Tuesday, May 6, 2008

How to make a killing in predatory lending.
(or how to lose your shirt lending to deadbeats)

A little more than a year ago while listening to the radio on the way home from work I heard about www.prosper.com, a website where individuals can bid on personal loans much like eBay. It was an interesting concept.

Traditionally people leave their money in banks. The banks then lend the money out to people who need for a while but who the bank feels can pay it back. In exchange for being allowed to use your money in this way the bank pays you some interest on your money. The bank charges a much higher rate on the loans it makes than on the interest it pays you, and the difference between the interest charged on loans and the interest paid on savings is the bank's profit. Of course this is an oversimplification, and banks offer many other services and have a variety of methods available to them to earn a profit. However, it always seemed like I could be making the profit instead of the bank if I could make the loans directly. Additionally, it always seemed like interest I paid on loans was higher than it needed to be just so the bank could earn a profit off me. If the people saving money could loan directly to the people borrowing money it seems like they'd both come out ahead. Higher interest paid to the lender than a bank typically pays, and lower interest rates for the borrower than the bank typically charges.

This is essentially the business model of Prosper.com.

Someone who wants a loan can apply at prosper.com. They create a listing to "Sell" their loan to potential lenders much like a seller might create a listing on eBay to sell something. In the listing they describe what the loan is for and why they should be considered as a potential borrower. Prosper.com then collects data from the borrower's credit report and makes it available to potential lenders.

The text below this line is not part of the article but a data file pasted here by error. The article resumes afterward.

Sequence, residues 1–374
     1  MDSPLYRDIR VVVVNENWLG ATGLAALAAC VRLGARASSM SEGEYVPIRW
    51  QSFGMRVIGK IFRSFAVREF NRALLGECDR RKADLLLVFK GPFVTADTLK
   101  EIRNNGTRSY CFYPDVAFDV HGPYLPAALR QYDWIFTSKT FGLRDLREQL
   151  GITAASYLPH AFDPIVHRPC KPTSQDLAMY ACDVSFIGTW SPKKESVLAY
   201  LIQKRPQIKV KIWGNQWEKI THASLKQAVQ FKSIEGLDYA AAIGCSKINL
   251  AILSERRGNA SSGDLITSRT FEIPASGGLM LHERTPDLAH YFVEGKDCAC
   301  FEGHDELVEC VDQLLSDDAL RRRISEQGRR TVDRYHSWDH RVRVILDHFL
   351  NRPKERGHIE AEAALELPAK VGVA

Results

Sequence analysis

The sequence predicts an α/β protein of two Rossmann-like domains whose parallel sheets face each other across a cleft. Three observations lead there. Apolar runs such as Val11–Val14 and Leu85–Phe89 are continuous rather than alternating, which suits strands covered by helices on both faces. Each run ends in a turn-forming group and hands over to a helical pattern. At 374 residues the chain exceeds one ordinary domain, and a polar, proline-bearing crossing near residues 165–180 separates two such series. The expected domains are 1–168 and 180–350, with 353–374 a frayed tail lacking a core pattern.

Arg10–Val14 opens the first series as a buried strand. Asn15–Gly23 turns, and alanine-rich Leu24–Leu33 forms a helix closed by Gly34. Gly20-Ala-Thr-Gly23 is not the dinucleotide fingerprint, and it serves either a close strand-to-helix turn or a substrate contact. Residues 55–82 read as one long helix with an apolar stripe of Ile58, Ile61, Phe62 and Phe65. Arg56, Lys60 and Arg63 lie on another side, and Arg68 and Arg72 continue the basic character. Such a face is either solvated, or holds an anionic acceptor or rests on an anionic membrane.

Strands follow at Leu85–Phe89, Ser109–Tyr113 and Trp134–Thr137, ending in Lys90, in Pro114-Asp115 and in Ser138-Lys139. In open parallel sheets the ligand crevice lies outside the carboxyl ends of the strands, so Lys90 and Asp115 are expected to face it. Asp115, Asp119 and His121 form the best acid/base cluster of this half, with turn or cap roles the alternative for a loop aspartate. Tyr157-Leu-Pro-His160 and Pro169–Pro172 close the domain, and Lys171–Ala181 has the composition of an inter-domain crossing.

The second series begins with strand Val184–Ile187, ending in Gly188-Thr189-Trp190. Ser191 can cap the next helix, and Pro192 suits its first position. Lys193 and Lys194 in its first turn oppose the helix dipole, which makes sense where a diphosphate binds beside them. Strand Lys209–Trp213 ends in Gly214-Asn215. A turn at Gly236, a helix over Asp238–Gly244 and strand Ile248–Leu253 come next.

Someone who has money to lend creates an account at Prosper.com and transfers some money to the account. They can then search and filter their way through the loan listings until they find a loan they are willing to partially fund. The lender takes into consideration the credit history, likelihood of the borrower making payments, and the reported income and debts of the borrower. They then indicate in an auction like "bid" to Prosper.com the portion of the loan they are willing to fund and the minimum interest rate they are willing to accept for the loan. A loan is not made unless there are enough bids to fully fund the loan.

Prosper.com keeps track of all the bid amounts and interest rates. Once a loan is fully funded, lenders bid against each other driving down the interest rate on the loan. Eventually the listing expiration date comes along and so long as the loan is fully funded, the highest qualifying interest rate determines the rate that the borrower will pay, and the rate the lenders will all earn.

All Prosper.com loans are 3 year loans, and borrowers can pay more than the minimum payment (and even pay off the entire loan) at any time. Prosper.com takes each payment and divides it proportionally among all the winning lenders.

As an example:

A borrower wants to buy his girlfriend a $3,000 engagement ring. Due to some bad marks on his credit rating he can't get a credit card or other loan for less than 19.8% He creates a listing at Prosper.com indicating the purpose of the loan, as well as stating his current income and monthly expenses. He explains that the bad marks on his credit report are from when he was unemployed 2 years ago, and that he now has had a job for over a year and has not missed any payments on anything since getting this job. Prosper.com reports he has a "C" credit rating and that while he has 15 delinquencies in the past 7 years and one lien in the past 10 years, he has nothing currently delinquent and no bankruptcies, liens, or judgements in the past 12 months.

Lenders discover this loan and initially decide that if they are going to lend any money they want a substantial return for the risk they are taking. Each potential lender decides how much money they are willing to risk loaning to this individual in $50 increments as well as the minimum interest rate they are willing to accept. After a couple of days 30 lenders have each decided to bid on the loan in amounts between $50 and $250. Adding up all the amounts bid the total is less than the $3,000 requested. If there are no further lenders over the next few days the loan will not be made. If more lenders decide to loan this borrower some money eventually the total of all the loan bids will exceed the requested $3,000. At this point the interest rate is set at the highest "minimum" bid. If there are no further bids before the expiration of the listing, using a smaller number of bidders for the sake of simplicity in my example, if there are 5 bidders